Human Rights and Civil Society

Four suspects arrested in well-known case of alleged military involvement in human rights violations

Valentina Rosendo Cantú (right) speaks alongside Inés Fernández at one of the many public events they have participated in over the past 12 years. Photo: Justicia por Inés y Valentina.
Valentina Rosendo Cantú (right) speaks alongside Inés Fernández Ortega at one of the many public events they have participated in over the past 12 years. Photo: Justicia por Inés y Valentina.

01/16/14 — National and international human rights advocates are applauding the Mexican government’s recent efforts made in a landmark case involving human rights violations by the Mexican military. Four suspects were arrested at the end of December—two months after the order for their arrests was issued—for their alleged involvement in the 2002 attack against two indigenous women in the state of Guerrero. Inés Fernández Ortega and Valentina Rosendo Cantú immediately told officials after they were tortured and raped by the four men, all of whom were then active in the military, but their case has dragged on for 12 years. Details about the detained suspects have not been released in an effort to protect their right of innocence until proven guilty.

Human rights groups consider the arrests an important step forward in an already significant case. Being both indigenous and women, Fernández and Rosendo belong to two vulnerable populations that often struggle to have their human rights and access to justice protected. Coupled with the suspects’ positions in the military when the attacks occurred, the victims have faced an uphill battle in their fight. If a case is even heard, the Mexican military court system is notorious for protecting its soldiers when a case of human rights violations involving members of the military is brought forward. As such, the impunity rate for soldiers allegedly violating human rights is dreadfully high. Despite rulings by the Inter-American Court of Human Rights (IACHR) and Mexico’s Supreme Court (Suprema Corte de Justicia Nacional, SCJN) to reform Article 57 of the Military Code of Justice and transfer all cases involving civilian victims to the civilian courts, no comprehensive reform has been agreed upon and it remains stuck in Congress. Although Fernández and Rosendo’s case was transferred to civilian authorities back in 2011 following an IACHR ruling, their case is exemplary of the difficulties facing victims of military human rights abuses, especially when the victims are minorities.

Nevertheless, Fernández and Rosendo’s plight has garnered national and international attention over the past 12 years. Advocacy groups supporting their cause have included the Tlachinollan Mountain Human Rights Center (Centro de Derechos Humanos de la Montaña Tlachinollan, CDHM-T), the Washington Office on Latin America (WOLA), Amnesty International, and the United Nations, among others. For its part, the CDHM-T considers the recent arrests “a landmark victory for all women that, despite the obstacles and adversities, can raise their voice and denounce violence.” Their case has also been supported by IACHR and SCJN court decisions, though it seems to still be more rhetoric than less tangible action. Said WOLA Senior Associate for Mexico Maureen Meyer, “We recognize the Mexican government’s efforts to make progress in fulfilling the terms of the [IACHR] sentences in favor of these brave women, and we hope that the Mexican government will show the same level of commitment in resolving other pending cases.”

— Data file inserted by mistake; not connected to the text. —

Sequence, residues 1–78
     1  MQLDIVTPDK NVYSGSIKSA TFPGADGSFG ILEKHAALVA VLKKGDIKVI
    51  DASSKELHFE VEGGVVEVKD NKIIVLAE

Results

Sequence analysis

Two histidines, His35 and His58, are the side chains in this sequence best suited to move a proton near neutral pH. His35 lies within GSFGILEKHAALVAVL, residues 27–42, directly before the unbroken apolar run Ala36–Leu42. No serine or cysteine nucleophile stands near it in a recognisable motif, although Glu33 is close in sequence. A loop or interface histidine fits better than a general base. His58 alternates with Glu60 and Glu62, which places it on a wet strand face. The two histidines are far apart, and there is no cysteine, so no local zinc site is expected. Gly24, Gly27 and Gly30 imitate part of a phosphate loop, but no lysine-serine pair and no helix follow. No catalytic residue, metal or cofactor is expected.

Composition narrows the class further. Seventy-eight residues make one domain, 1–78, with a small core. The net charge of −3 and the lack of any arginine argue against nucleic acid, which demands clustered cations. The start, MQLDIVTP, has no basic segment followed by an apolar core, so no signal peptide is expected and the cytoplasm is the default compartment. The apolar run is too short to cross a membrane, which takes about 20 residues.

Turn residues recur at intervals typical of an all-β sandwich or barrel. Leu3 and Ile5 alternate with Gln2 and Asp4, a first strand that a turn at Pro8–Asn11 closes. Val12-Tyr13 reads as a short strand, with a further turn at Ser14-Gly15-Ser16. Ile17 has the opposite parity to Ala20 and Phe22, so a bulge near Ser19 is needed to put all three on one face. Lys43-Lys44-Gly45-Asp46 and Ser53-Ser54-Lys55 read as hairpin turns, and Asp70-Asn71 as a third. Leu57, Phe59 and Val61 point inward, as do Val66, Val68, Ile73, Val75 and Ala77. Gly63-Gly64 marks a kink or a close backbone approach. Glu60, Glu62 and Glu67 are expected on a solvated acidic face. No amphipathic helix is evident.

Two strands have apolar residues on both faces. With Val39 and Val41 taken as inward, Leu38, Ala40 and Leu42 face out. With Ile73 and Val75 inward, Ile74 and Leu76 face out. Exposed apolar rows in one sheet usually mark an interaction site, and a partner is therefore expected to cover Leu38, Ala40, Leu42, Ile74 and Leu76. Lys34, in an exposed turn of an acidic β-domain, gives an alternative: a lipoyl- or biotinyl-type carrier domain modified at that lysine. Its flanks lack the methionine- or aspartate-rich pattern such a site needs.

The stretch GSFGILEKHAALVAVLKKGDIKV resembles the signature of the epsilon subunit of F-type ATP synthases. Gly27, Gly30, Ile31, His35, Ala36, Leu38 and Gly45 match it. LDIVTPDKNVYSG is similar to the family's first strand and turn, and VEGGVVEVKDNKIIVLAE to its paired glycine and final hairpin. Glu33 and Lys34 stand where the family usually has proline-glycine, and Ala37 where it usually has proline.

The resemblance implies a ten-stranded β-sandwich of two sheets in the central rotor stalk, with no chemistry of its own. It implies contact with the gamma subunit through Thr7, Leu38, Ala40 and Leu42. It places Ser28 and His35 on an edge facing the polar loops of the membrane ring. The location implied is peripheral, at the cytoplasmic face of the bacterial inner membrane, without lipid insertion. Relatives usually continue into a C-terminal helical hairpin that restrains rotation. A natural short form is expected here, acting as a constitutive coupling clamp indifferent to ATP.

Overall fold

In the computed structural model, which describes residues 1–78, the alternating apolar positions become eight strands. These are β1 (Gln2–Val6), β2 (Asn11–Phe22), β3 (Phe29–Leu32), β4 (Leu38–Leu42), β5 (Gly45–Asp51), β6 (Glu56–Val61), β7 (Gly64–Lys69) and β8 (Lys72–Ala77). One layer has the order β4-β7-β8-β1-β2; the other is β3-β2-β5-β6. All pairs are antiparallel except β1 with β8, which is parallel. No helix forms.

Read more about the Mexican military’s alleged role in violating human rights in the Justice in Mexico report, “Armed With Impunity: Curbing Military Human Rights Abuses in Mexico.”


“COMUNICADO: Comienzan procesos penales contra probables responsables de las violaciones graves de Derechos Humanos cometidas contra Inés Fernández y Valentina Rosendo.” Centro de Derechos Humanos de la Montaña Tlachinollan. January 9, 2014.

Díaz, Gloria Leticia. “Arranca juicio penal contra militares por violación de indígenas.” Proceso. January 9, 2014.

Camacho Servín, Fernando. “AI aplaude proceso contra militares por caso Valentina Rosendo e Inés Fernández.” La Jornada. January 10, 2014.

“Four Suspects in the Rape of Indigenous Women are Arrested.” Washington Office on Latin America. January 11, 2014.

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  1. Pingback: Mexican Senate eliminates military jurisdiction for forced disappearances of civilians | Justice in Mexico

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